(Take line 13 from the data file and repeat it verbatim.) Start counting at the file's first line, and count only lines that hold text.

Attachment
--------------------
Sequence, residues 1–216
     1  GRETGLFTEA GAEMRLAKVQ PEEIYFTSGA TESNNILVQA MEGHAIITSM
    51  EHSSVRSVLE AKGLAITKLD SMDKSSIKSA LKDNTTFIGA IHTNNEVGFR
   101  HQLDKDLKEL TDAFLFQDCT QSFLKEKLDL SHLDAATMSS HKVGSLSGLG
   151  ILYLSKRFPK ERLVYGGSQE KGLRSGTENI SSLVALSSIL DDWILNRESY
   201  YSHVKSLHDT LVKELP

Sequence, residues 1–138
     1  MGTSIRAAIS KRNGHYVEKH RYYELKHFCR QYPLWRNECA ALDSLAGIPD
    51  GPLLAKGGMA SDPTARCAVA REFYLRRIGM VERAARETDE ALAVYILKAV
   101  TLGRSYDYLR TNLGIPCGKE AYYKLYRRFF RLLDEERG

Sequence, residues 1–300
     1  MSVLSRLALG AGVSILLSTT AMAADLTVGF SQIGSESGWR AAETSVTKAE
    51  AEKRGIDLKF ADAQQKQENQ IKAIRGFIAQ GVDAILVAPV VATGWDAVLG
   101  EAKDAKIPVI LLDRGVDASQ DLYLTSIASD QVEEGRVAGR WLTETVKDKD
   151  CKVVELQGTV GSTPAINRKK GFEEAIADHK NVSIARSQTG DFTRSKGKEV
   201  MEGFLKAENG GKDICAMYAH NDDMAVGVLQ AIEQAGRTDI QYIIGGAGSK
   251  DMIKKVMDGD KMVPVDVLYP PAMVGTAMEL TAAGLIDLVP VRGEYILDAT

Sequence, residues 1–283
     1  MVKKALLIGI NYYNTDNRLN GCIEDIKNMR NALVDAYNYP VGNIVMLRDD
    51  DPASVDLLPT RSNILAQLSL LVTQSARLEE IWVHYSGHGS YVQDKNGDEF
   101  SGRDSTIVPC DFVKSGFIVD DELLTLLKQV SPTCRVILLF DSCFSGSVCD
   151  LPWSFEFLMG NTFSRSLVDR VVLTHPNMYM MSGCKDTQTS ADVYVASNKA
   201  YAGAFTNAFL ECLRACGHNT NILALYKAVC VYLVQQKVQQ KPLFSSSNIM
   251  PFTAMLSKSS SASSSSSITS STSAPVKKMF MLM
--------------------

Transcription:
    51  AEKRGIDLKF ADAQQKQENQ IKAIRGFIAQ GVDAILVAPV VATGWDAVLG